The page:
In The Loupe: Advertising Diamonds, Gemstones and Pearls
advertise or sell jewelry, the claims you make about the products must be
accurate. The Federal Trade Commission's (FTC's) Jewelry Guides offer
specific information on how to describe jewelry products truthfully and
non-deceptively and how to disclose material information to consumers. This
brochure highlights the sections of the Jewelry Guides that concern
diamonds, gemstones and pearls. You may need to scrutinize your product
descriptions to make sure they are not misleading and that they disclose
material information to consumers.
If the diamond's weight is described in decimal parts of a carat, the figure should be accurate to the last decimal place. For example, ".30 carat" could represent a diamond that weighs between .295 and .304 carat. If the weight is given to only one decimal place, it should be accurate to the second decimal place: If you say a diamond weighs .5 carat, the diamond should weigh between .495 and .504 carat.
If the diamond's weight is described in fractions, the fraction may represent a range of weights. For example, a diamond described as « carat could weigh between .47 and .54 carat. If you use the fraction method, you also should disclose that the diamond weight is not exact and the reasonable range of weight for each fraction or the weight tolerance used.
Disclosures in Catalogs, Printed Materials and Online Ads
If you use fractions to represent the weight of a diamond in catalogs or other printed materials, you should disclose - clearly and conspicuously on every page that includes a representation - that the diamond weight is not exact. You can give the range of weights for each fraction or the tolerances used on a separate page of the catalog or materials. But in that case, you should state where the consumer can find the information on every page that includes a fractional representation. For example, your catalog may say "Diamond weights are not exact. See the chart on page x for weight ranges."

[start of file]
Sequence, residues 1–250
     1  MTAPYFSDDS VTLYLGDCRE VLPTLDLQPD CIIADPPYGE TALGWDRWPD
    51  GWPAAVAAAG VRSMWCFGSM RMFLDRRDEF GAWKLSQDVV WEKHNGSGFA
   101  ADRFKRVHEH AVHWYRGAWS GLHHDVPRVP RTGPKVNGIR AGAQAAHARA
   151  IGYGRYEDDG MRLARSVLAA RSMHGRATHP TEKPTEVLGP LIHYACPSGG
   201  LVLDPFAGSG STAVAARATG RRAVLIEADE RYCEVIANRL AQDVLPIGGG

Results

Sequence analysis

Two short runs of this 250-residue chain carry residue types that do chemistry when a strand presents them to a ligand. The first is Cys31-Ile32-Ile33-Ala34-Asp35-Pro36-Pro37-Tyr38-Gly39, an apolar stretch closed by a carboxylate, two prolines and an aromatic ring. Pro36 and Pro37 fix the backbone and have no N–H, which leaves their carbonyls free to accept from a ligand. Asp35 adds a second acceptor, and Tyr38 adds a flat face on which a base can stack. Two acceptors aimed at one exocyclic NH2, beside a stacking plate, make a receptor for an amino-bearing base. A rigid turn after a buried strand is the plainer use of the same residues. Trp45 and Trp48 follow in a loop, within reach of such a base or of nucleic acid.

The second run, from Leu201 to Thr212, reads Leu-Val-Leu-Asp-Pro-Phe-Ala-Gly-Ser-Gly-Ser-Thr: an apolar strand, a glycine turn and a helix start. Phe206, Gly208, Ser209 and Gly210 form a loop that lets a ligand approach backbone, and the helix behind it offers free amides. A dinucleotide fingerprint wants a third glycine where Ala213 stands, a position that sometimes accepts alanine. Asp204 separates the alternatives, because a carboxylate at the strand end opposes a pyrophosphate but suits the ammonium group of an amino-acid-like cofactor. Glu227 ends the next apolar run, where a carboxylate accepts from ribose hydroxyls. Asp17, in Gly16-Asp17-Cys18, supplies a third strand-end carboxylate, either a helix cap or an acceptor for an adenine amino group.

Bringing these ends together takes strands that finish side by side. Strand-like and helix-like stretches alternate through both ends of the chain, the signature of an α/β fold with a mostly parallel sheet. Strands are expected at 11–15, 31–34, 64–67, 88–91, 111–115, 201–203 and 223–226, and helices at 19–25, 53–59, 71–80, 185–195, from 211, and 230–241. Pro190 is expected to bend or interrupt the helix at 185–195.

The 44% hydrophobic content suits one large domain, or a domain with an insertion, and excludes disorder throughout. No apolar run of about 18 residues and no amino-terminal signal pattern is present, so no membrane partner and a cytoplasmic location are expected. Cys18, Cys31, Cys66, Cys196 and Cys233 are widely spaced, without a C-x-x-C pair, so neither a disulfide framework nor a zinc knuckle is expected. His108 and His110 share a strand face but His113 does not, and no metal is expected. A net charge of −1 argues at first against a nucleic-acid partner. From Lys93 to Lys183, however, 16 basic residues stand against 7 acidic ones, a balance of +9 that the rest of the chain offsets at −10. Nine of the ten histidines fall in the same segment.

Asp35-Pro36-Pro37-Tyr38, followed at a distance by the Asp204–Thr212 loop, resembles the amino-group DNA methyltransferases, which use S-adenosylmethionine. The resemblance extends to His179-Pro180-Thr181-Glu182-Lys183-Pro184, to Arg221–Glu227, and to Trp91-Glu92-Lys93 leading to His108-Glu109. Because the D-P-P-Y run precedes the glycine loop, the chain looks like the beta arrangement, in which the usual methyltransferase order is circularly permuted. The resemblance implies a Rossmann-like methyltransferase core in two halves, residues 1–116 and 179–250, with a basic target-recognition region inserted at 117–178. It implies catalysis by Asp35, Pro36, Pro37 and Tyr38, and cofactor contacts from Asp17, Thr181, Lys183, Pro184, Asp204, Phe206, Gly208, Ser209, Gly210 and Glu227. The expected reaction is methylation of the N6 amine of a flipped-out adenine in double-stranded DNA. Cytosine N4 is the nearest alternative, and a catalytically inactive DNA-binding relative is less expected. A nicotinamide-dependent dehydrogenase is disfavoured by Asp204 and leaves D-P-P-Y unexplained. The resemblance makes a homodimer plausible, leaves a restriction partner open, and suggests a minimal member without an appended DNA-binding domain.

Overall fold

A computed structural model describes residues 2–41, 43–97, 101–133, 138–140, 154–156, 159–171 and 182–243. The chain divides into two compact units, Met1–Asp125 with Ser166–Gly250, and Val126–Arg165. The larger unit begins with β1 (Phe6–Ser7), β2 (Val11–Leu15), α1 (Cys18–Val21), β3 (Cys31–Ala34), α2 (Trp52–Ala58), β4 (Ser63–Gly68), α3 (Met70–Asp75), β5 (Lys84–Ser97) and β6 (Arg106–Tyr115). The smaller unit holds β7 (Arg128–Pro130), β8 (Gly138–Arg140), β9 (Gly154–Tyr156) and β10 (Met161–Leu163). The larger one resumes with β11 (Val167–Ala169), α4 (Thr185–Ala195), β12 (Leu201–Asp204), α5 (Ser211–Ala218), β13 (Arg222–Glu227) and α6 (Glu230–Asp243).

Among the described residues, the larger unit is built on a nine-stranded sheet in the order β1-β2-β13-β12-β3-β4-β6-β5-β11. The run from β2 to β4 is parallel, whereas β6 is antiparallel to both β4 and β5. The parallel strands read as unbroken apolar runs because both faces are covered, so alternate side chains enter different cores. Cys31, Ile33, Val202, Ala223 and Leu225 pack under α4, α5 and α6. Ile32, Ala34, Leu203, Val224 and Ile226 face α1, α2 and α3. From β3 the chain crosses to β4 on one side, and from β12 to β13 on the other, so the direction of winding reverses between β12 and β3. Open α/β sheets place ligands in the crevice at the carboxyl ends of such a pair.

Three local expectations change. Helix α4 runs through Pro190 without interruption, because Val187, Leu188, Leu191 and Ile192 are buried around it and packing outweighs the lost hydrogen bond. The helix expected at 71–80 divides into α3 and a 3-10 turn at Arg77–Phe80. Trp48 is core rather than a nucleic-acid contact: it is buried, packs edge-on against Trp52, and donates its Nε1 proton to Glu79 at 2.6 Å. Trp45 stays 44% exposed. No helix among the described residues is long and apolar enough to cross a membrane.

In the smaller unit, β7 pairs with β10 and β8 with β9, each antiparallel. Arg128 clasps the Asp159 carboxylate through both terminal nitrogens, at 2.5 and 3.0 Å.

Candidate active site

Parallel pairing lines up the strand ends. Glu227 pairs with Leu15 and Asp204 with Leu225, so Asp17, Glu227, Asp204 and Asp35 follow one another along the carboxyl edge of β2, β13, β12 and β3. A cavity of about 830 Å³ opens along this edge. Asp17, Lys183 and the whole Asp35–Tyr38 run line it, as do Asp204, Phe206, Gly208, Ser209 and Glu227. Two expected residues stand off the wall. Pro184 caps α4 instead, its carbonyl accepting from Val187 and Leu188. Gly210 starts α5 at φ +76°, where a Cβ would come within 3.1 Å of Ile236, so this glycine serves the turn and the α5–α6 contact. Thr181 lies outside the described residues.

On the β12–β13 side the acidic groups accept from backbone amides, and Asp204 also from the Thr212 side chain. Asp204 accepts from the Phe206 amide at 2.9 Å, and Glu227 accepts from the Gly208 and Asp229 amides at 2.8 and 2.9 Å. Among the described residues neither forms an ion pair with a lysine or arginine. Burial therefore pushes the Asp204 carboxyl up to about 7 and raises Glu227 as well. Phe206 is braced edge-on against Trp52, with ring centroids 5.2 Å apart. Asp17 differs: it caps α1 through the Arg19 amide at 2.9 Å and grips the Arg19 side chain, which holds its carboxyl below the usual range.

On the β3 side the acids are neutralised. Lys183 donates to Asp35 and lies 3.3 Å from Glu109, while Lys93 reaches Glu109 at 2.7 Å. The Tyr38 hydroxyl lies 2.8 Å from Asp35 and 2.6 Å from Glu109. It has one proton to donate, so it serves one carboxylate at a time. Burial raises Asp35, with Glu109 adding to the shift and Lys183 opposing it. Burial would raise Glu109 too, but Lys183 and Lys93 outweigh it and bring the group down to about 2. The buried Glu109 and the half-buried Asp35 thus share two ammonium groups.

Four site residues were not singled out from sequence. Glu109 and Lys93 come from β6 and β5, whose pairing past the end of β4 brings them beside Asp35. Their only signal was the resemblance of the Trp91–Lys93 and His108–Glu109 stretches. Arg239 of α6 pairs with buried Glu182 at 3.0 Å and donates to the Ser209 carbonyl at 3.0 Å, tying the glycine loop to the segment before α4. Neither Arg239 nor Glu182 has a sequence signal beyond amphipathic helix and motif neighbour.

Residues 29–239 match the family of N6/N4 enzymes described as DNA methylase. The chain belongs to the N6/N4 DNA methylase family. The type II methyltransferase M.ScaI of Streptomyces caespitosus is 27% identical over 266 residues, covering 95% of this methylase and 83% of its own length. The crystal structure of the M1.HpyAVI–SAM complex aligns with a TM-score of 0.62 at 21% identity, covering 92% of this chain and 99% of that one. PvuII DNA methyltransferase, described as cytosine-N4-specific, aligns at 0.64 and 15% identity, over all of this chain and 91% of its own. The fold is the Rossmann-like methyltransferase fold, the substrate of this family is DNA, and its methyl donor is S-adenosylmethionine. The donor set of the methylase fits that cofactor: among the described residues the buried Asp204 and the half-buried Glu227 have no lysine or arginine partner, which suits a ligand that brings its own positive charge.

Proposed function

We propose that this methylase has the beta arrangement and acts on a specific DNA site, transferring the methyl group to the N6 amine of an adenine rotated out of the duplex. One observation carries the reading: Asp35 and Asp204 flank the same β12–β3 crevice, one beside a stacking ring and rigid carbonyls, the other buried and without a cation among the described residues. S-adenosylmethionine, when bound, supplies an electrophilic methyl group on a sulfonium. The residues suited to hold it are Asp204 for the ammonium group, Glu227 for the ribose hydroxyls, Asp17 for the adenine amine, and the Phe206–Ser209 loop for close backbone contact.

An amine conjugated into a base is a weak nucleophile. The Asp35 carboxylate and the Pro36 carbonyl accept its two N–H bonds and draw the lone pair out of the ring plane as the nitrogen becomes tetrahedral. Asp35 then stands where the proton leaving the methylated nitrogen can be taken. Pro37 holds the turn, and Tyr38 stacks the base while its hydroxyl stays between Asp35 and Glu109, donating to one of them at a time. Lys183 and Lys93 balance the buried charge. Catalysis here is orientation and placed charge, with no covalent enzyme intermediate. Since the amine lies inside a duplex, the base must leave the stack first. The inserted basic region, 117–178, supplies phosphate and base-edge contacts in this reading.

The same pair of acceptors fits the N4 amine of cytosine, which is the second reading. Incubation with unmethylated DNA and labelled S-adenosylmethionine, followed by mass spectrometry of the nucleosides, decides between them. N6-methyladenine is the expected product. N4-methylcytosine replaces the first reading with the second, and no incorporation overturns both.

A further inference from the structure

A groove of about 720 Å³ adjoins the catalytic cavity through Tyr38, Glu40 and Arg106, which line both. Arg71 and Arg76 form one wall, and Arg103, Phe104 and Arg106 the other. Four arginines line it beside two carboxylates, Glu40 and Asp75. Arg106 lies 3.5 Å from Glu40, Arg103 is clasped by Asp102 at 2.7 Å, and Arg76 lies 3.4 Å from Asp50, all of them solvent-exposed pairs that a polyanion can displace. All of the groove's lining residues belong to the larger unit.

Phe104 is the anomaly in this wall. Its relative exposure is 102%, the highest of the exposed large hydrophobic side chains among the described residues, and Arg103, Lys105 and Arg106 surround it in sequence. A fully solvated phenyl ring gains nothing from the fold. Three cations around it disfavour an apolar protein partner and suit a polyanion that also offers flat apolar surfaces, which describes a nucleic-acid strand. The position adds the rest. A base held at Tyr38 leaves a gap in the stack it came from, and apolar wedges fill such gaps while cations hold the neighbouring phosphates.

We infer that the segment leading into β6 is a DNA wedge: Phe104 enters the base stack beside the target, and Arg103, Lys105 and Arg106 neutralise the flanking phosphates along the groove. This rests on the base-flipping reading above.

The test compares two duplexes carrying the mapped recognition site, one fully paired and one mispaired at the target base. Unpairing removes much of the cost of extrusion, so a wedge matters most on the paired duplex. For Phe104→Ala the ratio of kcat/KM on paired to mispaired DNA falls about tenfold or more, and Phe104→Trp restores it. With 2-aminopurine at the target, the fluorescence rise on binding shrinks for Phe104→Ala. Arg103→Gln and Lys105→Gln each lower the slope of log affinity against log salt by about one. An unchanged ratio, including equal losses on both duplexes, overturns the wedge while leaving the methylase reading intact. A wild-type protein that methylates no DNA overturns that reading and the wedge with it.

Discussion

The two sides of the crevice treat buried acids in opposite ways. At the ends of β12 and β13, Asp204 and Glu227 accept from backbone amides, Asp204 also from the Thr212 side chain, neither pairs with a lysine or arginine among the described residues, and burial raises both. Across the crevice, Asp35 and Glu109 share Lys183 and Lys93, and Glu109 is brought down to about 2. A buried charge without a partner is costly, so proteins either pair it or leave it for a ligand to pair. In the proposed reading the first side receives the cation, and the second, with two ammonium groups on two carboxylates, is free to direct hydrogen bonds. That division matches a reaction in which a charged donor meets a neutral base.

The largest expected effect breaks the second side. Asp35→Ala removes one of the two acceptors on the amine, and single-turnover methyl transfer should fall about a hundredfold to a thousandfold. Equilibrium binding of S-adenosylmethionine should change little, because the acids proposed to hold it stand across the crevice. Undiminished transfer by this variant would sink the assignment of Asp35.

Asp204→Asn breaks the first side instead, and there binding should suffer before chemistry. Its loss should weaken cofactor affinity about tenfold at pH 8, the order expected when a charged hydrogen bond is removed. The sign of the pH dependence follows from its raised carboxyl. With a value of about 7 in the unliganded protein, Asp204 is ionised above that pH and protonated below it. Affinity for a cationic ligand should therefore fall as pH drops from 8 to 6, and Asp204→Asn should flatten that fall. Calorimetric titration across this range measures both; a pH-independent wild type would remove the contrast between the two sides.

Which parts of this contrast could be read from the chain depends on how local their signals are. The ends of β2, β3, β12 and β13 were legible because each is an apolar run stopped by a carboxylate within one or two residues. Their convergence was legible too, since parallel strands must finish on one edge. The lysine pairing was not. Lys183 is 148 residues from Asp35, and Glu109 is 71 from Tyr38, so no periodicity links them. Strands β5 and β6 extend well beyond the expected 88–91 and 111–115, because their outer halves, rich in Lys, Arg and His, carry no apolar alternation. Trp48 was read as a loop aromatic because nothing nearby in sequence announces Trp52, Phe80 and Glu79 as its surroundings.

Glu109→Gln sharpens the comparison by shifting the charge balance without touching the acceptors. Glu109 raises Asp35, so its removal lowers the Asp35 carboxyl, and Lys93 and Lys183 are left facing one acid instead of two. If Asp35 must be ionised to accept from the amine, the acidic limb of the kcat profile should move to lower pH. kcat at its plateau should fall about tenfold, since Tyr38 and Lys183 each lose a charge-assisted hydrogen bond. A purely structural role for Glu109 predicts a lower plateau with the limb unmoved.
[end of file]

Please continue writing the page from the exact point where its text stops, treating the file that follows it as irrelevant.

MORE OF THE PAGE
Diamond Testers and Moissanite
Thermal testers used to distinguish diamonds from cubic zirconia may not accurately identify moissanite - a laboratory-created gemstone that resembles a diamond. As a result, this stone may falsely register as a diamond on your thermal detector. How can you ensure that you recognize moissanite for what it is? A newer tester can do it for you, or you may have to learn other ways to distinguish moissanite from diamonds.
Gemstone treatments or enhancements refer to the way some gems are altered or treated to improve their appearance or durability. Some common treatments include:
Heating, which can lighten, darken or change the color of some gems, or improve a gemstone's clarity.
Irradiation, which can add more color to colored diamonds, some other gemstones and pearls.
Impregnating some gems with colorless oils, wax or resins, which makes a variety of imperfections less visible and can improve a gemstones' clarity and appearance.
Fracture filling, which involves injecting colorless plastic or glass in the gems to hide cracks or fractures and improve the gemstones' appearance and durability.
Diffusion treatment, which adds color to the surface of colorless gems while the center of the stone remains colorless.
Dyeing, which adds color and improves color uniformity in some gemstones and pearls.
Bleaching, which lightens and whitens some gems, including jade and pearls.
Laser-drilling, which removes dark inclusions from diamonds, improving the clarity of the stone.
The Jewelry Guides state that
sellers should tell consumers about gemstone treatments in certain
circumstances. If the treatment is not permanent or if the treated stone
requires special care, you should tell consumers that the stone has been